Aid organizations have long been insisting that access to clean water is a basic and essential consideration underlying all development issues. In developing countries, some 5,000 children are estimated to die every day from water-borne diseases, overwhelmingly due to diarrhea from bad drinking water, poor sanitation and inadequate hygiene.

The plan for the next five years is to provide at least 10 million people with “sustainable access” to an improved water supply, and six million people with access to improved sanitation during that period. New USAID guidance will emphasize local ownership and sustainability of US-funded aid projects while offering greater flexibility on how that funding can be used. This new openness will allow for more innovation from partnering humanitarian groups, a positive change from the past.

“We know that every dollar we invest in clean water and basic sanitation yields eight dollars in benefits,” said Dick Durbin, a US senator pushing this legislation. “People are healthier, kids stay in school, food is safer, AIDS drugs and other critical health treatments are able to work.”

Read USAID’s Water Strategy Announcement:

WASHINGTON, D.C. – Today, the U.S. Agency for International Development (USAID) Administrator Rajiv Shah, joined members of Congress – Senator Richard Durbin, Senator Chris Coons, Congressman Earl Blumenauer and Congressman Ted Poe – to release the U.S. Government’s first Water and Development Strategy. This strategy recognizes the vital role water plays in ensuring the health and economic well-being of people around the world.  In addition, it sets out to represent a fundamental shift at our Agency toward a new model of development – defined by public and private partnerships, the use of new technology, and emphasizes long-term results.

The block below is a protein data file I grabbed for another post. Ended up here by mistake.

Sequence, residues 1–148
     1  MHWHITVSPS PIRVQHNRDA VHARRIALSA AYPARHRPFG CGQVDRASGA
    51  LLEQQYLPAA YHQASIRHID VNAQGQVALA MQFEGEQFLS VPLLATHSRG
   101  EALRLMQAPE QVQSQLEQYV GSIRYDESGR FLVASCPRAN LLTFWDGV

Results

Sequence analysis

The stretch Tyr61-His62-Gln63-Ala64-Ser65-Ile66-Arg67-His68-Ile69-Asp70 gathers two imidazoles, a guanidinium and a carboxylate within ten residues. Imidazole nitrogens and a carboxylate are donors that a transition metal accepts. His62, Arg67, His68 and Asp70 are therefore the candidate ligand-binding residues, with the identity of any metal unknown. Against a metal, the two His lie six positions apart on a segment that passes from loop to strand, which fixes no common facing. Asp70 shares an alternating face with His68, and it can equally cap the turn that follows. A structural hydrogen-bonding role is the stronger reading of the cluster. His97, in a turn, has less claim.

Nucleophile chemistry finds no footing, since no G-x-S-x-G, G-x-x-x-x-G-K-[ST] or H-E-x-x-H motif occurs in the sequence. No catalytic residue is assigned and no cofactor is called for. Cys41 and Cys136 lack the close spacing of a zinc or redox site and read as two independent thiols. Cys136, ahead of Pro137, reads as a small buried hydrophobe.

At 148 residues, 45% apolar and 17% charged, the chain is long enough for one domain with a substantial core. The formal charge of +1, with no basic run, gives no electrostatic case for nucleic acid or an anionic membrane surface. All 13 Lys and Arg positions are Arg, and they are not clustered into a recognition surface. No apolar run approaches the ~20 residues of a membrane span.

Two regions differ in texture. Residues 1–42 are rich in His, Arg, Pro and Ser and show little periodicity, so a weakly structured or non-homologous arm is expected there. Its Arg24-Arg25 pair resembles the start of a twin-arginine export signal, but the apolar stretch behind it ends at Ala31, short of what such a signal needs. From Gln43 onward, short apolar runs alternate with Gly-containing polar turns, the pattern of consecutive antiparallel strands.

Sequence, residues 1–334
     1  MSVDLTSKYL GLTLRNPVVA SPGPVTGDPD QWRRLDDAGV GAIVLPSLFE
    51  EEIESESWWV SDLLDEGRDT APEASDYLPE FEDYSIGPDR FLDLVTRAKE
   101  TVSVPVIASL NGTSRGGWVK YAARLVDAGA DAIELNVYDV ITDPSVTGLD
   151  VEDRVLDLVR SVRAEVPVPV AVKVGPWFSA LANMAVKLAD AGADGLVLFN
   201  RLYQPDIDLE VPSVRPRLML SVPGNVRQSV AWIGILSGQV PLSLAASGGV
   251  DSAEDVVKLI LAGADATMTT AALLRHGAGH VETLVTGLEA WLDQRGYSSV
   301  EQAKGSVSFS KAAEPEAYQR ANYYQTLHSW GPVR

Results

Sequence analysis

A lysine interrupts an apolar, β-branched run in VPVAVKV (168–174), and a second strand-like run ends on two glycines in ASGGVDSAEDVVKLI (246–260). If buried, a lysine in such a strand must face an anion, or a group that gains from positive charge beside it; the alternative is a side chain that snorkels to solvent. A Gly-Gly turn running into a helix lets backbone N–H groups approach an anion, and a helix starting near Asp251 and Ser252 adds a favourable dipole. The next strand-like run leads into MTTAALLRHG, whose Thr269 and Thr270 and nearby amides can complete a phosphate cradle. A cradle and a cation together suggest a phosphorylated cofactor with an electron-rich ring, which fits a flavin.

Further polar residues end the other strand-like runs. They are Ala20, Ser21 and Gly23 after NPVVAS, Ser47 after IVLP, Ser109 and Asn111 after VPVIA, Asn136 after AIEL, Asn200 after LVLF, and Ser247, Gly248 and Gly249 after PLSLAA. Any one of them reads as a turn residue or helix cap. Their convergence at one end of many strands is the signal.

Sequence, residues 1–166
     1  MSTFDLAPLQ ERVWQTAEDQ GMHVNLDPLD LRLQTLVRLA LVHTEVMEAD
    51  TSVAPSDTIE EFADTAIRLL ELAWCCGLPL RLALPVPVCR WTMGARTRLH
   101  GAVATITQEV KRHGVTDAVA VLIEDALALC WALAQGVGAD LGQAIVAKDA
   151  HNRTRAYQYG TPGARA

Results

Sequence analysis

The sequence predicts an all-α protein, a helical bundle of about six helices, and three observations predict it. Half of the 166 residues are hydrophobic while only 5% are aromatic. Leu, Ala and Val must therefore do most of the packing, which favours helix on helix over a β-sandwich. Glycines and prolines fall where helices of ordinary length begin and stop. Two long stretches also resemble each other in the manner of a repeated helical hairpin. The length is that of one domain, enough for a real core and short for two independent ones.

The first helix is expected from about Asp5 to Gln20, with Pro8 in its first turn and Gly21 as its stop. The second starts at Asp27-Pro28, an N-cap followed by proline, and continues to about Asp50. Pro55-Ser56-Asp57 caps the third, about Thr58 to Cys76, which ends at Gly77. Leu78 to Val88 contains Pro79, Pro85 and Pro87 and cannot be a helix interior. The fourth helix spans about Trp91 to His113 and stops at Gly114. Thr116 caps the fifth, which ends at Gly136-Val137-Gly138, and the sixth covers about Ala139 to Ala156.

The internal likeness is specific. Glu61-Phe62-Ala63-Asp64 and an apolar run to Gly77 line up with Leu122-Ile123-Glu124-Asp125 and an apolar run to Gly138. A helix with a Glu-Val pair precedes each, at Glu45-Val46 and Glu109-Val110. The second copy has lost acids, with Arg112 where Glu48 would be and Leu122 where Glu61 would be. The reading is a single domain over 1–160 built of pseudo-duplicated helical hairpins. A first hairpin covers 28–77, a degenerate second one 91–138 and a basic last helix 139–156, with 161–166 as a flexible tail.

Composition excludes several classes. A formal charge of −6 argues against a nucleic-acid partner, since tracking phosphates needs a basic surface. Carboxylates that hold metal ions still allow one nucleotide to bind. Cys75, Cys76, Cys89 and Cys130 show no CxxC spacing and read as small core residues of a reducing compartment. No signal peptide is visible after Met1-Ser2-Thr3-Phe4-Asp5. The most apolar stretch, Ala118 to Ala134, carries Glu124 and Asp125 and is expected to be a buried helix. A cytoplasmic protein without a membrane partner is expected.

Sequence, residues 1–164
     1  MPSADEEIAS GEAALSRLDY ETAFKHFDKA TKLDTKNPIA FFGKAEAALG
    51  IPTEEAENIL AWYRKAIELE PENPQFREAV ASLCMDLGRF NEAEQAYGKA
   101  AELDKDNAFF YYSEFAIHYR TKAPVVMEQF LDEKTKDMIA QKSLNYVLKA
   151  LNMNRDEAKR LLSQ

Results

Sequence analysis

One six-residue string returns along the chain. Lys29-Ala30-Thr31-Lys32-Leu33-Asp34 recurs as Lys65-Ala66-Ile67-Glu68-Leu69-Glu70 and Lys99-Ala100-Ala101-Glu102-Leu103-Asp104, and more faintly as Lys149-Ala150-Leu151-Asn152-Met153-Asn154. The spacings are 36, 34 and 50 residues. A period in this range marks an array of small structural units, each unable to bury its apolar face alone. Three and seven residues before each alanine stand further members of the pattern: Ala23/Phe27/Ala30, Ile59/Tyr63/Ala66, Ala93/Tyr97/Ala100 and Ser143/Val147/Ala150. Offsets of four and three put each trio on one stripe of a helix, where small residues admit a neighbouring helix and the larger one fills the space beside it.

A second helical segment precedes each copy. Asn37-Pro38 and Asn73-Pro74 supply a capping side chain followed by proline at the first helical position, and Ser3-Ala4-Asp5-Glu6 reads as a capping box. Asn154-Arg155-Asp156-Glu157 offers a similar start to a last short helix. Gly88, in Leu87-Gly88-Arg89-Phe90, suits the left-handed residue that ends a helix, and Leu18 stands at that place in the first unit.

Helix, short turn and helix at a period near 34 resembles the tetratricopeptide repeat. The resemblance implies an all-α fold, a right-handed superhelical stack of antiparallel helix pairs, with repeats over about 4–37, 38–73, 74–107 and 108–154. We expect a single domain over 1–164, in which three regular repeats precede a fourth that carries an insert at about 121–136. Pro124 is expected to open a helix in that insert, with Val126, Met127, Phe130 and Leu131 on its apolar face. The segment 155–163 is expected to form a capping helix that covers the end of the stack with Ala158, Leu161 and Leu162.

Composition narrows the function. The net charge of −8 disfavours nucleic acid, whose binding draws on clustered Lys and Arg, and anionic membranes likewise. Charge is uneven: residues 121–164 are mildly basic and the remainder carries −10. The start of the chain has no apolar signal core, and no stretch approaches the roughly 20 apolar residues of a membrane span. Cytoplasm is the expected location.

Globally, over 780 million people lack access to safe drinking water and 2.5 billion people lack access to sanitation. Projections are that by 2025, two-thirds of the world’s population could be living under severe water stress conditions.

“We will achieve greater impact by partnering with outside organizations and businesses that leverage innovative approaches and new technologies. This approach will also emphasize sustainability by building local capacities for operations, maintenance, and monitoring,” said Administrator Shah.

USAID’s Water and Development Strategy elevates the importance and visibility of water as a development priority within the Agency and highlights its importance in meeting the development imperatives to improve health and increase food security. The Strategy will address global water-related development needs by providing a clear understanding of USAID’s approach to water programming, emphasizing how sustainable use of water is critical to saving lives. To achieve this goal, the Strategy sets two strategic objectives:

  • Water for Health – Improve health outcomes through the provision of sustainable Water, Sanitation and Hygiene (WASH).
  • Water for Food – Manage water for agriculture sustainably and more productively to enhance food security.

“This new U.S. Water and Development Strategy will help lift poor people around the world out of conflict and poverty.  It is smart, strategic and builds on our past successes using new breakthroughs in science and technology,” Senator Durbin said. “It will save water and it will save lives.  USAID’s new plan will bring water and sanitation – the most basic of human needs – to millions of people around the globe, dousing the flames of global poverty, disease and conflict.”

Improving human health and welfare, having adequate nutrition to thrive, and maintaining the sustainability of natural systems requires a coordinated global response to the challenges of water and sanitation access for present and future generations. This Strategy reflects the commitment of the U.S. government to work in partnership with the global community to meet these challenges.

– Mary Purcell
Photo: Flickr